One-way mirror

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A one-way mirror, also called two-way mirror,[1] is a mirror that is partially reflective and partially transparent. When one side of the mirror is brightly lit and the other is dark, it allows viewing from the darkened side but not vice versa.


The first US patent for a one-way mirror appeared in 1903, then named a "transparent mirror".[2][3]


The optical properties of the mirror can be tuned by changing the thickness of the reflecting layer.

The glass is coated with, or has encased within, a thin and almost-transparent layer of metal (usually aluminium). The result is a mirrored surface that reflects some light and is penetrated by the rest.

Light always passes equally in both directions. However, when one side is brightly lit and the other kept dark, the darker side becomes difficult to see from the brightly lit side because it is masked by the much brighter reflection of the lit side. It may be possible to achieve something similar by combining an optical isolator layer with a traditional one-way mirror, which would prevent light coming from one direction.


One-way glass (4) used in a teleprompter

A one-way mirror is typically used as an apparently normal mirror in a brightly lit room, with a much darker room on the other side. People on the brightly lit side see their own reflection—it looks like a normal mirror. People on the dark side see through it—it looks like a transparent window. The light from the bright room reflected from the mirror back into the room itself is much greater than the light transmitted from the dark room, overwhelming the small amount of light transmitted from the dark to the bright room; conversely, the light reflected back into the dark side is overwhelmed by the light transmitted from the bright side. This allows a viewer in the dark side to observe the bright room covertly.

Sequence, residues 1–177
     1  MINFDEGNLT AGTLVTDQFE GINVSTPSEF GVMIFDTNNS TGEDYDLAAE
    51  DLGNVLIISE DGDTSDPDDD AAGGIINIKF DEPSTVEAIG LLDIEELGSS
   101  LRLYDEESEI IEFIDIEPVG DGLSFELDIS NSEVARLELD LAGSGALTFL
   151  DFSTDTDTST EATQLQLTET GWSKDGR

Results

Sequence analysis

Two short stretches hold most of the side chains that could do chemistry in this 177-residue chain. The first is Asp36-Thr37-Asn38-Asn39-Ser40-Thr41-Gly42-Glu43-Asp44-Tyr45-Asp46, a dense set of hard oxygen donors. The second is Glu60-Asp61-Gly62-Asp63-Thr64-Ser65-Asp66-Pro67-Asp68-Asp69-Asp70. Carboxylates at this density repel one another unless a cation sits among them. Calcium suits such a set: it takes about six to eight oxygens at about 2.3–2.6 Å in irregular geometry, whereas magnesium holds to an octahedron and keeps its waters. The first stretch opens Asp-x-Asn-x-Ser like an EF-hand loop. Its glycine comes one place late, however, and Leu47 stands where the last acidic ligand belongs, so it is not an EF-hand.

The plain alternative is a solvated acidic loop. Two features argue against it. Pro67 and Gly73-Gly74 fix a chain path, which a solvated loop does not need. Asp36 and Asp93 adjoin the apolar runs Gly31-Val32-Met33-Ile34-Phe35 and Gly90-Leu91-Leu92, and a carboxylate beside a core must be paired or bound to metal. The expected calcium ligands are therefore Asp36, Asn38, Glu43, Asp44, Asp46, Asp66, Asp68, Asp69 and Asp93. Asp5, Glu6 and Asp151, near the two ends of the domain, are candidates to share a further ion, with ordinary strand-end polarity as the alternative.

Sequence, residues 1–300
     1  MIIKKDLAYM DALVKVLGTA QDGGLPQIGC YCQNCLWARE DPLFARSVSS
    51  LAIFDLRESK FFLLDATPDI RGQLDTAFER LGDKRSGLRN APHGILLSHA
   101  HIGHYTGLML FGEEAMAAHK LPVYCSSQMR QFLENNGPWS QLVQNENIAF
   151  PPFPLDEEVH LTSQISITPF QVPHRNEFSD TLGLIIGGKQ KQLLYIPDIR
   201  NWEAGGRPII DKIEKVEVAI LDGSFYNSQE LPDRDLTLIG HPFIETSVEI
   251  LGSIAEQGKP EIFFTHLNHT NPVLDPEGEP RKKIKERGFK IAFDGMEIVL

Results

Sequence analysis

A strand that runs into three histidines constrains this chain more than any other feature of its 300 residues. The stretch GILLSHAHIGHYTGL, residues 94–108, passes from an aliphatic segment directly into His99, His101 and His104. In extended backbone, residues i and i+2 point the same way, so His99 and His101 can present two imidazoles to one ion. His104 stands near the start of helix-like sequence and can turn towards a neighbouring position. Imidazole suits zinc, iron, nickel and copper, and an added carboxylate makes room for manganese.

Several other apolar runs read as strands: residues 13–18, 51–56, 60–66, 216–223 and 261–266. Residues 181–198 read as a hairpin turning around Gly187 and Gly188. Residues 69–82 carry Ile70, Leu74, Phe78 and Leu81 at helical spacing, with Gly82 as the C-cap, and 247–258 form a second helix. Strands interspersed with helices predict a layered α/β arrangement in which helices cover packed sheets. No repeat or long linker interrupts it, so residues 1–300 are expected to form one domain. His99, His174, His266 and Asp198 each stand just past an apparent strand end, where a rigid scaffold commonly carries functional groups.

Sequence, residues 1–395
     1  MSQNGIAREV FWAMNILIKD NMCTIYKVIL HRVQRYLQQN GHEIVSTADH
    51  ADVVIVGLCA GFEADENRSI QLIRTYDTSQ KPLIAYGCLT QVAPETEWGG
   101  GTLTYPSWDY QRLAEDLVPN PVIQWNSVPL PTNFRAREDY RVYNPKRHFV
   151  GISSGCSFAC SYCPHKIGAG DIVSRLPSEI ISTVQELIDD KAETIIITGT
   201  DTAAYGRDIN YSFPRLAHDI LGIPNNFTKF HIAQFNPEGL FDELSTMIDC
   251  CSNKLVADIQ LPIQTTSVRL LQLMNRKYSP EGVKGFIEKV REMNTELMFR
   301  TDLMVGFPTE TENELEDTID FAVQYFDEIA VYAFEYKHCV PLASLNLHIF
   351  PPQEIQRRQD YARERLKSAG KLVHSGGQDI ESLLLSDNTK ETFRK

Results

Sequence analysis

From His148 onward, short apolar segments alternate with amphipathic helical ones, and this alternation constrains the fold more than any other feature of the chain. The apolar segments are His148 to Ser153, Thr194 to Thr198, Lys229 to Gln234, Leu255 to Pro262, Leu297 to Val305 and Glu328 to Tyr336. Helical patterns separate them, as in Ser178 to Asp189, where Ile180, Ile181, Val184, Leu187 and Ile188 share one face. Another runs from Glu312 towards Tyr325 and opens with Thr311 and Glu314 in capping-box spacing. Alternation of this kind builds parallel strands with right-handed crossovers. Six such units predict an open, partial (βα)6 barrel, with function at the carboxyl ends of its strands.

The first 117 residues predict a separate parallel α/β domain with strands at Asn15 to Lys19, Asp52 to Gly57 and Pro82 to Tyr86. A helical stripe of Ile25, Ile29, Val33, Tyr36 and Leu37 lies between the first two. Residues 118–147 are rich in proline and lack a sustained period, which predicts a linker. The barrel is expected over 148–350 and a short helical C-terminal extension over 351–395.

When such mirrors are used for one-way observation, the viewing room is kept dark by a darkened curtain or a double door vestibule. These observation rooms have been used in:

  • Interrogation rooms
  • Execution rooms
  • Experimental research
  • Security observation decks in public areas
  • Market research
  • Reality television, as in the series Big Brother, which makes extensive use of one-way mirrors throughout its set to allow cameramen in special black hallways to use movable cameras to film contestants without being seen.[4]
  • Train conductor rooms of newer metro trains, such as Bombardier Transportation's Movia family of metro trains, including the Toronto Rocket

Smaller versions are sometimes used in:

  • Security cameras, where the camera is hidden in a mirrored enclosure
  • Teleprompters, where they allow a presenter to read from text projected onto glass directly in front of a film or television camera
  • Stage effects (particularly Pepper's ghost)
  • Low-emissivity windows on vehicles and housing
  • Mobile phone and tablet screen covers so the screen can be used as a mirror when it is off.

The same type of mirror, when used in an optical instrument, is called a beam splitter and works on the same principle as a pellicle mirror.

See also


  1. ^ "Two-Way See Through Surveillance Mirror". Retrieved August 8, 2015.
  2. ^ "The History of Mirrors". Retrieved 2015-04-22.
  3. ^ US patent 720877, Emil Bloch, "Transparent mirror", published 1903-02-17, assigned to Emil Bloch 
  4. ^ "Tour the Big Brother house camera runs". 2013-09-28. Retrieved 2014-03-06.